6. Bake in three greased 9-inch cake pans for 25 to 30 minutes. Do not overbake!
Cream Cheese Icing
2 pounds confectioner's sugar
½ pound (2 sticks) unsalted butter
8 ounces cream cheese
2 teaspoons vanilla extract
3 teaspoons whipping cream
Cream all the ingredients together until smooth and ice the top and sides and between the layers of the cake.
Recipes from Dead End BBQ
DEAD END RIBS
For the Ribs
2 racks of St. Louis ribs
1 teaspoon vegetable oil
1 teaspoon ground black pepper
1 to 2 teaspoons butter, melted
1 to 2 cups brown sugar
½ cup granulated garlic
½ cup sea salt
½ cup paprika
2 tablespoons granulated onion
1 tablespoon dry mustard
1 tablespoon Creole seasoning
1 tablespoon chili powder
1 tablespoon cayenne pepper
1 tablespoon coarsely ground black pepper
Spread the brown sugar on a sheet tray; put the tray in the oven on very low heat (150°F) for about 15–30 minutes or until it dries out. Then combine the brown sugar with the remaining rub ingredients.
Preparing the Ribs
1. Pull the back membrane from the ribs.
2. Trim the ribs to equal length.
3. Coat the meat lightly with the vegetable oil.
4. Lightly sprinkle the black pepper on both sides.
5. Sprinkle about ½ of the rib rub on both sides and allow the ribs to sweat, meaty side up, for 2 hours.
6. Place the ribs in the smoker at 276°F and smoke for 2 hours, adding a squeeze of butter every hour.
7. Remove the ribs from the smoker, spread another ½ of the rib rub over the entire surface, and wrap the ribs in foil.
8. Place the wrapped ribs in the smoker, meaty side down, for 90 minutes. 9. Remove the ribs from the foil and add the rest of the rub.
10. Place the ribs back in the smoker for 30 minutes.
11. Remove from the smoker and transfer to a platter.
DEAD END BBQ BRISKET
Serves 8 to 12
For the Brisket
1 whole 9 to 11 pound brisket
1 teaspoon olive oil
1 can beef broth
½ cup paprika
1 cup salt
½ cup ground black pepper
½ cup sugar
½ cup chili powder
2 tablespoons garlic salt
2 tablespoons cayenne pepper
Combine all the ingredients.
Preparing the Brisket
1. Coat the brisket with the olive oil.
2. Sprinkle the rub on the brisket and let the meat sweat for 1 hour at room temperature.
3. Cook the brisket in the smoker at 224°F for 12 hours, or until it reaches an internal temperature of 165°F.
4. Remove the brisket from the smoker and wrap in foil, pouring the beef broth over the brisket and sealing the foil tightly.
5. Return the wrapped brisket to the smoker until it reaches an internal temperature of 190°F.
6. Remove the brisket from the smoker and let it rest for 2 hours.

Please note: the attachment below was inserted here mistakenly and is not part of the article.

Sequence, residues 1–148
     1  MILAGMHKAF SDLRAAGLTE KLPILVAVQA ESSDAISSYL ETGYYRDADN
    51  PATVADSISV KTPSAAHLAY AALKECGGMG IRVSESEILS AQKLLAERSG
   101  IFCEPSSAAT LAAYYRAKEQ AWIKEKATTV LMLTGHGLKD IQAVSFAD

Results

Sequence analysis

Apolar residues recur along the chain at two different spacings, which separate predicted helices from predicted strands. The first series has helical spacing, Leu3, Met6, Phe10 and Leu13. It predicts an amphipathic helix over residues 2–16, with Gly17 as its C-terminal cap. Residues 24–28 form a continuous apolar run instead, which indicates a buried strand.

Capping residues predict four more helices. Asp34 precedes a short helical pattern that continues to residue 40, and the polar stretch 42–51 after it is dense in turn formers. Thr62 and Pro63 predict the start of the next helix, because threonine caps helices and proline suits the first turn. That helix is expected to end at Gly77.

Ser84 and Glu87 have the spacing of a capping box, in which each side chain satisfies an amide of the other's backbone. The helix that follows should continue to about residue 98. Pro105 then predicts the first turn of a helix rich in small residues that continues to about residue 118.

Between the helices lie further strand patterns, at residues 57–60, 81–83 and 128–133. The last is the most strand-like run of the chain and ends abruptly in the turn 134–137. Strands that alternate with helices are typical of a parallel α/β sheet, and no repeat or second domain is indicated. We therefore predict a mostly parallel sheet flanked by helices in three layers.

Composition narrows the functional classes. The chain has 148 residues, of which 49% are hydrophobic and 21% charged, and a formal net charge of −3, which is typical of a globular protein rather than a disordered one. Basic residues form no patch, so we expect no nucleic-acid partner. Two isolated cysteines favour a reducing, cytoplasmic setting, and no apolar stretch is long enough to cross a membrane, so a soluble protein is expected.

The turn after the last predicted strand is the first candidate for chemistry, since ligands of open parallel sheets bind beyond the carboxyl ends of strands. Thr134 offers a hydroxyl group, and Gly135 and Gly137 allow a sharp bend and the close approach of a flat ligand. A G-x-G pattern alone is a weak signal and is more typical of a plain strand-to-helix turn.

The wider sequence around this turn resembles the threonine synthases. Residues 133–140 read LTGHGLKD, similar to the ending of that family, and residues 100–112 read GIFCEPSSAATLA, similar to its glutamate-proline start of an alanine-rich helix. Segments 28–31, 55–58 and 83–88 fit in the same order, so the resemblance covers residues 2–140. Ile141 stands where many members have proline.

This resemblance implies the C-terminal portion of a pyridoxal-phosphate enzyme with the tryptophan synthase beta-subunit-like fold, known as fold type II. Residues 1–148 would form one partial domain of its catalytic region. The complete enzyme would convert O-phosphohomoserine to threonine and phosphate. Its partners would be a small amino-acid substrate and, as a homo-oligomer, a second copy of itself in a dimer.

7. Slice the brisket and serve.
Recipes from Chandler's Deli
Serves 4 to 6
1 can cream of mushroom soup
1 jar pimentos
½ cup diced celery
½ cup diced onion
½ cup diced green bell pepper
2 cups diced cooked chicken
1 cup milk
1 pound linguine
8 ounces shredded American cheese
1. Combine all the ingredients except the pasta in a medium saucepan.
2. Simmer for about 15 minutes, or until the cheese is melted.
3. Cook the pasta according to the package instructions and add the other ingredients; mix well and top with the shredded cheese.
CHANDLER'S MEAT LOAF
Serves 6 to 8
3 pounds ground chuck (20% fat)
1 medium onion, chopped
1 green bell pepper, chopped
½ cup chopped celery
1½ teaspoons salt
1½ teaspoons ground black pepper
1 can tomato sauce
1. Preheat the oven to 350°F.
2. Combine well all the ingredients except the tomato sauce. Shape into a loaf, place in a loaf pan, and bake for 1 hour at 350°F. Brush with tomato sauce when done.
2 cups all-purpose flour
2 teaspoons cinnamon
2 teaspoons nutmeg
2 cups sugar
1 teaspoon baking soda
½ teaspoon salt
1½ cups vegetable oil
2 cups carrots, grated
1. Preheat the oven to 325°F.
2. Mix all the dry ingredients together, then blend in the oil, carrots, and eggs. Pour into a greased 1-inch tube pan. Bake at 325°F for one hour.
Cream Cheese Icing
8 ounces cream cheese
¼ pound (1 stick) margarine
1 pound confectioner's sugar
1 teaspoon vanilla extract
1 teaspoon lemon extract
1. Mix the cream cheese and the margarine until smooth.
2. Blend in the sugar, vanilla extract, and lemon extract and spread over the cake.
WHAT I LOVE ABOUT TENNESSEE FOOTBALL
Running Through the T
Since the 1964 season, the Tennessee Volunteers have entered the stadium moments before kickoff by leaving the locker room, gathering in the orange-and- white-checkerboard end zone, and running onto the field through a giant T formed by the Pride of the Southland Band. In a perfectly timed sequence, the base of the T opens and the team sprints out behind the cheerleaders and the team mascot, Smokey, the Blue Tick Coonhound.
The Vol Navy